Perfection KILLS Your Progress: Why It’s Okay Not to Be Perfect
by Jeremy Huisheere, FitElite
Have you ever set a goal and the longer you thought about it, the more unattainable it became? I think it is safe to say that everyone has been in this predicament. In the fitness and wellness realm, these goals are usually connected to the chase of weight loss or an improved physique. It can be daunting when setting a long-term goal because there are so many opportunities for you to fall off track.
Let’s paint the picture of a 2018 New Year’s Resolution. You are ready to make a life change and start the journey of getting in better shape. You sit down and set a goal of losing 25 pounds. To do this, you decide you are going to quit drinking soda, stop eating added sugars, fried foods, and ice cream, cut down on carbs, increase your vegetables, start drinking more water, sleep better, and start going to the gym six days a week. The list could go on and on.
What are the chances that you are going to eat perfectly, sleep perfectly, and have a perfect gym routine every single day this year? I’ll tell you—ZERO and that is okay! Refocus yourself to nail one thing at a time.
When setting your fitness or wellness goal (or any goal for that matter), don’t dwell on perfection. If you do, you will always fail. Rather, focus on progress. At the end of your day, look yourself in the mirror and ask this one simple question, “Am I making progress?” This gives you so many opportunities to succeed. If what you are doing this week is getting you closer to your end goal, that is progress!
Will your progress come to a screeching halt if you have an off day and your nutrition is less than ideal? Absolutely not! Did going to the gym on that same day, when in the past you would have stayed home, mean you are progressing toward your end goal? Absolutely!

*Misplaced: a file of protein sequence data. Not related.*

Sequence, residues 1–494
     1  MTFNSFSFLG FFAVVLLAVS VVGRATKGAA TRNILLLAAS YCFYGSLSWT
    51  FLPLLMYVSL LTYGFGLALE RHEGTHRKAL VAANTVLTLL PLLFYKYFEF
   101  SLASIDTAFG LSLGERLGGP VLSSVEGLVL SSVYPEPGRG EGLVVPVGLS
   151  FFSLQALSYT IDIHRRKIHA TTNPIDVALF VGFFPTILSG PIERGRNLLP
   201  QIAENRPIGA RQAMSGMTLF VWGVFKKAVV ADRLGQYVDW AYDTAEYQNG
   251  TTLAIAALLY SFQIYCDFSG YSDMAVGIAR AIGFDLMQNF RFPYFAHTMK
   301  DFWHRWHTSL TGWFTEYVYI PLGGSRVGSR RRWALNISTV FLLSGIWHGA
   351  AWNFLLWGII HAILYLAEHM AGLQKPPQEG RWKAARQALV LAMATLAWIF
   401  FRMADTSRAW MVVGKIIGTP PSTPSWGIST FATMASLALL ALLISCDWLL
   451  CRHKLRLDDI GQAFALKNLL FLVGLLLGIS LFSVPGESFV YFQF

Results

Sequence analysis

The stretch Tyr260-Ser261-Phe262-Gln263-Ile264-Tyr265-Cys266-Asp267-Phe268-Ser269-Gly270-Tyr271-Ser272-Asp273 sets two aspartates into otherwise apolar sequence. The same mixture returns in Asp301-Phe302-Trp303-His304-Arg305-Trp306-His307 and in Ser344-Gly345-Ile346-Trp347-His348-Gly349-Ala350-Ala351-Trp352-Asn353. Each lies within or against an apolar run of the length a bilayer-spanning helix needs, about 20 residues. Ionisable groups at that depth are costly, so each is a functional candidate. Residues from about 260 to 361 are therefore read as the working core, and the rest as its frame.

There is no room in the chase of progress for the crippling stress of perfection. Don’t worry about being perfect, and know that every decision is an opportunity leading you one step closer to your end goal.
If you can retrain your brain into the positive thinking of progress, you will no longer have to spend your time worrying about the imperfections that are found in everyday life situations. Treating each individual decision each day as a stepping stone in the right direction will lead to many small “wins” or “successes.” These incremental “wins” will culminate into one massive achievement—reaching your ultimate goal.
The most difficult thing about progress is that it sometimes happens at a snail’s pace. Patience is not something that comes easy for most, but those who are willing to stick it out are the ones who tend to see the greatest successes.
Be patient with your progress, be patient with yourself, and remember, perfection is not the answer. Rather ask, “Am I Making Progress?”